Adm. Harry Harris told Congress Thursday that Kim Jong Un’s driving ambition is to develop “a nuclear capability against the United States.” He admitted “there is some doubt … within the intelligence community whether he has that capability today or whether he will soon have it.” But he assured the Senate Armed Services Committee that North Korea’s achievement of the goal “is clearly a matter of when.” Harris said that, in his estimation, Kim Jong Un “is not a leader who is afraid to fail in public,” and he compared him to Thomas Edison, an early innovator of the light bulb, saying the North Korean leader is “going to continue to try until he gets it right.” Nonetheless, Harris advocated sticking with the sanctions strategy that has defined the US response to North Korean provocations for years. “There are some areas in the sanctions regime that we have not yet explored,” he said, “and I think we should do those before we move to the kinetics.” However, he expressed support for the Trump Administration’s “all options on the table” strategy, and he said, “I believe that the best enhancement to diplomacy is a strong military capability.”
Gen. Vincent K. Brooks, United Nations Command,
Combined Forces Command, and US Forces Korea commander, meets with
Korean soldiers from the 1st Infantry Division of the ROK Army, during a
visit to the DMZ. US Army photo by Sgt. Russell Youmans.
While the world’s focus is trained like a laser on the danger of North Korea’s nuclear weapons program, the commander of US Pacific Command says Pyongyang’s conventional forces also pose a serious threat. Adm. Harry Harris told Congress this week the US does not currently have an answer for the artillery forces North Korea has deployed near the demilitarized zone (DMZ) within striking distance of Seoul, the capital of the Republic of Korea. “We do not have those kinds of weapons” to counter such an attack, Harris told the Senate Armed Services Committee Thursday. In testimony before the House Armed Services Committee Wednesday, Harris described the “very dramatic challenges” associated with defending Seoul and its “25 million people in a relatively small area within artillery range of the DMZ.” He said that North Korean premier Kim Jong Un has “a vast array of rocket forces and artillery” located on “the heights north of the DMZ.” He confirmed that the recently deployed THAAD system “is not designed to counter those kind of basic weapons,” and that the US still needs to “develop that capability” to do so.Air Force Magazine visited South Korea last year. Read our story on USAF operations on the Korean peninsula from the November 2016 issue.
Adm. Harry Harris, commander of US Pacific forces, believes the Intermediate-Range Nuclear Forces Treaty is outdated and the US is “being taken to the cleaners by countries that are not signatories,” he told the House Armed Services Committee Wednesday. “I do think we should look at renegotiating the treaty,” he said before the Senate Armed Services Committee the next day. The INF treaty, which bans US and Russian ground-launched missiles with a range between 500 and 5,500 kilometers, was signed in 1987 for “a bi-polar world” defined by the competition between the US and the Soviet Union, he told SASC. “Now we’re in a multi-polar world, where we have a lot of countries developing these weapons.” Of immediate concern are China and Iran, who are not signatories to the treaty. Harris said that 90 percent of China’s missiles fall into the category banned by the treaty, and Iran test launched such a missile in January. The US has no such weapons, Harris said, because “we adhere to the INF treaty religiously, as we should.” However, Russia deployed a new cruise missile in February in violation of the treaty. Harris also said he is “concerned about Chinese and Russian hypersonic weapons development” because the ability of the US to build similar systems would “run up against treaty restrictions.”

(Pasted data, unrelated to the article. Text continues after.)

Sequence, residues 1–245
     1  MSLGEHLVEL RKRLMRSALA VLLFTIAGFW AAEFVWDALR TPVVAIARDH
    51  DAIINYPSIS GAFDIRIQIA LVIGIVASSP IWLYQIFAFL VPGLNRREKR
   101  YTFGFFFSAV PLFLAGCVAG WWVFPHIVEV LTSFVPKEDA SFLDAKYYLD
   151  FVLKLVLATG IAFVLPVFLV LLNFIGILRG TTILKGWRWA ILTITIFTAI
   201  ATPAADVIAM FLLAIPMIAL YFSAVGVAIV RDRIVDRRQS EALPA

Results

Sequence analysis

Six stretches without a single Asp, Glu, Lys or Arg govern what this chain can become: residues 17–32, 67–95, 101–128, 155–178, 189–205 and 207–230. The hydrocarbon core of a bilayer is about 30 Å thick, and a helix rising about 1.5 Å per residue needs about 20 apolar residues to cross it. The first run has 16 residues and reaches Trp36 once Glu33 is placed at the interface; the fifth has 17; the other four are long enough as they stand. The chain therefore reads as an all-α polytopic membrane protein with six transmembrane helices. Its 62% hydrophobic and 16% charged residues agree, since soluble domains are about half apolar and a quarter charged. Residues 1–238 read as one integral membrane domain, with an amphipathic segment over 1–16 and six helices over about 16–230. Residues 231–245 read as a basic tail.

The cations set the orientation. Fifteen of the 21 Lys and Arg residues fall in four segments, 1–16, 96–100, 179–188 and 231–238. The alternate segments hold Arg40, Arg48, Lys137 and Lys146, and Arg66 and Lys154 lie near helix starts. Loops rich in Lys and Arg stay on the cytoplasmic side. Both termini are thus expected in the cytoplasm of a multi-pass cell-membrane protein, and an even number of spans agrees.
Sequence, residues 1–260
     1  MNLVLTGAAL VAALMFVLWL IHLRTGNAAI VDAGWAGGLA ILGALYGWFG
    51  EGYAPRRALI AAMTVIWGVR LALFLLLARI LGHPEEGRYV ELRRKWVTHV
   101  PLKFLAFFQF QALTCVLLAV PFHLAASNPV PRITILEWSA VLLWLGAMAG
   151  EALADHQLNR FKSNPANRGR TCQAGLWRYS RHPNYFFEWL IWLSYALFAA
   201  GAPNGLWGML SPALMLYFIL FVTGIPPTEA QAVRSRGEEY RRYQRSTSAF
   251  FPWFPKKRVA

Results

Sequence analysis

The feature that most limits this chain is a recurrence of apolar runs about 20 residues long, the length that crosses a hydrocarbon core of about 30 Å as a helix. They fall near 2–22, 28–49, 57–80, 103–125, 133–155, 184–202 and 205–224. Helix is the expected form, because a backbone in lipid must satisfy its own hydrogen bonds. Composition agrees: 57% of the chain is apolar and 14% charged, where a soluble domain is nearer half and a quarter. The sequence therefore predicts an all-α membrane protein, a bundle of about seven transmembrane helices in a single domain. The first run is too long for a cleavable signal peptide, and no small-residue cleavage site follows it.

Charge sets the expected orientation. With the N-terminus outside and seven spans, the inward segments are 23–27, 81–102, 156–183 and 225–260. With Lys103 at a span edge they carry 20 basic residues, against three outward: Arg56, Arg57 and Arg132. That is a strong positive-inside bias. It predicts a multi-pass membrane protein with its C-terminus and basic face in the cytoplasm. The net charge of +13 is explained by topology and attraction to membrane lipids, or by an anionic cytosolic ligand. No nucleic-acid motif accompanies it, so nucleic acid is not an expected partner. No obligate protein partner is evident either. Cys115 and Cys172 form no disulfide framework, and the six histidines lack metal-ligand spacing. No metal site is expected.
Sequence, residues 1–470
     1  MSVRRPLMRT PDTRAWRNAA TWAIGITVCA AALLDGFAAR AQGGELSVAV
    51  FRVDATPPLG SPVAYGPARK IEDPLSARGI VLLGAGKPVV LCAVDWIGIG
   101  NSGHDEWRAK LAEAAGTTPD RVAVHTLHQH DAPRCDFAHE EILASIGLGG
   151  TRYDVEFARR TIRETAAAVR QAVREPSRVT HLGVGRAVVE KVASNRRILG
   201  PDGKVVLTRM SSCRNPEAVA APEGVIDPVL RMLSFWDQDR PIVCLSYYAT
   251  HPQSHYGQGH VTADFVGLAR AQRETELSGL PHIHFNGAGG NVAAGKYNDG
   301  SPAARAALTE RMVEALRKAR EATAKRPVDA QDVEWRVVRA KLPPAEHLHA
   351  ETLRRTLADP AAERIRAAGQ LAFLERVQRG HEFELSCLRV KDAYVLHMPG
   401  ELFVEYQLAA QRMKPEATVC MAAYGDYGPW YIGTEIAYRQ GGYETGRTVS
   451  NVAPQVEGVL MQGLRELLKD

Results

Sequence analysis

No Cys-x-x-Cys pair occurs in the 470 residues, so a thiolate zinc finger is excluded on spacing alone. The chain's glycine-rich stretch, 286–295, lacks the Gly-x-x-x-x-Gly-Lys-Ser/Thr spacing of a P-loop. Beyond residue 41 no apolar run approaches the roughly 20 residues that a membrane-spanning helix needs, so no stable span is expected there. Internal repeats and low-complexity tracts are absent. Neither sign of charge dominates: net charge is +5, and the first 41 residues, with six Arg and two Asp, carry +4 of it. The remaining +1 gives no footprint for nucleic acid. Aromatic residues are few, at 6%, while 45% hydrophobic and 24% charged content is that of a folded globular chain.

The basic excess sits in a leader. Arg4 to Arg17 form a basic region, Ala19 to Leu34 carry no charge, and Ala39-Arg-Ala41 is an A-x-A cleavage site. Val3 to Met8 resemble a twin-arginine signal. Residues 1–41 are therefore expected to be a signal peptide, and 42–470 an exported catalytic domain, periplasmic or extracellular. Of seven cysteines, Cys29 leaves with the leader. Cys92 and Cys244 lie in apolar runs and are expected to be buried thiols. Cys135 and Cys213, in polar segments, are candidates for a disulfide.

Adm. Harry Harris, boss of US Pacific Command, told Congress Thursday that Chinese efforts to pressure North Korea on its nuclear provocations might be working. “I think we’re in a different place now,” Harris told the Senate Armed Services Committee, and he pointed to a recent meeting between US President Donald Trump and President Xi Jinping of China. Harris said that while China has always had “the capability to influence and affect North Korean behavior,” in the past “it had chosen not to.” While he emphasized that “it’s too early to tell” for sure, Harris believes a shift has occurred recently in China’s willingness to reign in its neighbor. “From a month ago forward we’re seeing some positive behavior from China, and I’m encouraged by that, so I think we should let this thing play out a little bit,” Harris told SASC. North Korea has not tested a nuclear warhead or an intercontinental ballistic missile within the past month, and while he offered no evidence that China’s economic pressure on North Korea is related to Pyongyang’s hiatus, Harris insisted it is important that the US “give President Xi and China a chance.”